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RE: Sorry, off topic

  • From: "Didier PH Martin" <martind@n...>
  • To: "Joshua E. Smith" <jesmith@k...>, "XML Developers' List" <xml-dev@i...>
  • Date: Sat, 22 Jan 2000 20:46:21 -0500

mozilla component
Hi Joshua,

Joshua said:
I've seen a couple references on this list to signs that AOL is going to
switch to mozilla (instead of IE).  Even if this is just a rumor, I'd
appreciate a link to the source of this info...

Didier replies:
me too I would be interested to see that info.

But here are some facts that may, I say may, lead us to some inferences on
how hard it could be for AOL to do the switch. Within the actual Mozilla
project there is a subProject that wraps the browser components with a DCOM
interface. This interface does not have the same class identifier as the
Microsoft Browser component but has exactly, I said exactly, the same
interface definition. Hence, if an application is actually using the
Microsoft component, then with just a minor modification of the class
identifier, this application can switch from the Microsoft component to the
Mozilla component. This switch of component do not require any other code
modification since the interfaces are strictly identical.

So, we can say that, as a possibility, because the AOL application embeds
the Microsoft browser component, AOL can switch to the Mozilla component
without any added costs since this latter has the same interfaces as the
Microsoft component. This is also valid for any other application that
embeds the Microsoft component.

The impact for any information or Web application publisher is that if AOL
embeds the Mozilla component, then this component will be installed on any
AOL customer having a Windows machine. Thus, we will have on this machine,
two components having the same interfaces but a different class identifier.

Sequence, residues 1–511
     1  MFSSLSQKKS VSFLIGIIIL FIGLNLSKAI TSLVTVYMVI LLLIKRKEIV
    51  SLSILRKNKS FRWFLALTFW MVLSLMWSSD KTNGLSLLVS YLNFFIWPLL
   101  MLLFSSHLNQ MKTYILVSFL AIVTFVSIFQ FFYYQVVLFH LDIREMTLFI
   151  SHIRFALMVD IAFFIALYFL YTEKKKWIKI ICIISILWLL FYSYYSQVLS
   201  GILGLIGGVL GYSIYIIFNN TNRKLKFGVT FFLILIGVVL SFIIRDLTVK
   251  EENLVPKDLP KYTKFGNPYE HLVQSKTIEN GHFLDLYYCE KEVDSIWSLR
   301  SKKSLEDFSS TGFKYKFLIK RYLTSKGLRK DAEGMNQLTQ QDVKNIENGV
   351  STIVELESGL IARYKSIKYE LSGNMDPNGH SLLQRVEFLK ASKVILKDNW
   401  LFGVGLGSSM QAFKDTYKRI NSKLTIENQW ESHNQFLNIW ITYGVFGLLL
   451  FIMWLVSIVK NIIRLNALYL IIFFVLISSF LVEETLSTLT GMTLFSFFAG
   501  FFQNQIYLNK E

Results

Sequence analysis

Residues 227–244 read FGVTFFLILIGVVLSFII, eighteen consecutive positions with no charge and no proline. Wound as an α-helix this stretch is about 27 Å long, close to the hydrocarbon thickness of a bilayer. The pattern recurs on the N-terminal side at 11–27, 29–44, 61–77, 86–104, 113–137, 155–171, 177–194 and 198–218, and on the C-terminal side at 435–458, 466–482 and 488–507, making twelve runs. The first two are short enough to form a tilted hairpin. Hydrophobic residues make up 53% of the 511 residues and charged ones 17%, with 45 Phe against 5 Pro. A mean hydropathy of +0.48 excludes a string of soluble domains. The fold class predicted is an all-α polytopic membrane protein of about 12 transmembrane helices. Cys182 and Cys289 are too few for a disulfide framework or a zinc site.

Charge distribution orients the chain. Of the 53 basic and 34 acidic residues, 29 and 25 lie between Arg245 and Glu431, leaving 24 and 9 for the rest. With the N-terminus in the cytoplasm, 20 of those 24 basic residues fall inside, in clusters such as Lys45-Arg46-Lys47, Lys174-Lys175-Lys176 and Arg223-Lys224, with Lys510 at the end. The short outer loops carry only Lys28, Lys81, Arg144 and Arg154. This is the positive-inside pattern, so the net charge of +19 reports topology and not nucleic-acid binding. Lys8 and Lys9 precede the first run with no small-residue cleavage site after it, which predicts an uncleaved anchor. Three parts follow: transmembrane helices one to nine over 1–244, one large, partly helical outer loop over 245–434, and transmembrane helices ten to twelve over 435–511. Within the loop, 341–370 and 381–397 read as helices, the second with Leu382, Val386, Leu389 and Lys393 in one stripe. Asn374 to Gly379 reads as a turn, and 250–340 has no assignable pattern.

One of these components is installed with the operating system. In fact,
this is the case for any windows machine since Win95 Rel2. So, even if a big
corporation chooses not to use the Microsoft browser as corporate browser,
the Microsoft browser component is probably already installed on this
machine if this machine is having a Win95 Rel2 and up (Win98, WinNT 4).

So, if Netscape which is now owned by AOL chooses to release a Mozilla based
browser. This latter may include also the Mozilla component having the same
interface than the Microsoft component. This implies that if both AOL app
and the Netscape browser both include the Mozilla COM component, then any of
these machine will have a Mozilla component that can be used by any other
application. It implies that an application wanting to use a browser
component on a windows platform will have just to probe for
a) the Mozilla component
b) the Microsoft component
Choose one. The application has no code difference to work with one or the

This is a good example of the power of using interfaces that are independent
of any implementation or language. Bottom line, on the window platform we
will have the choice between two components having the same interface but a
different implementation. The good news, both will be able to process XML.
The good news for developers, they'll have the choice between two
implementation without prohibitive costs. Will they use this opportunity?
we'll see.

Didier PH Martin
Email: martind@n...
Conferences: Web New York (http://www.mfweb.com)
Book to come soon: XML Pro published by Wrox Press
Products: http://www.netfolder.com

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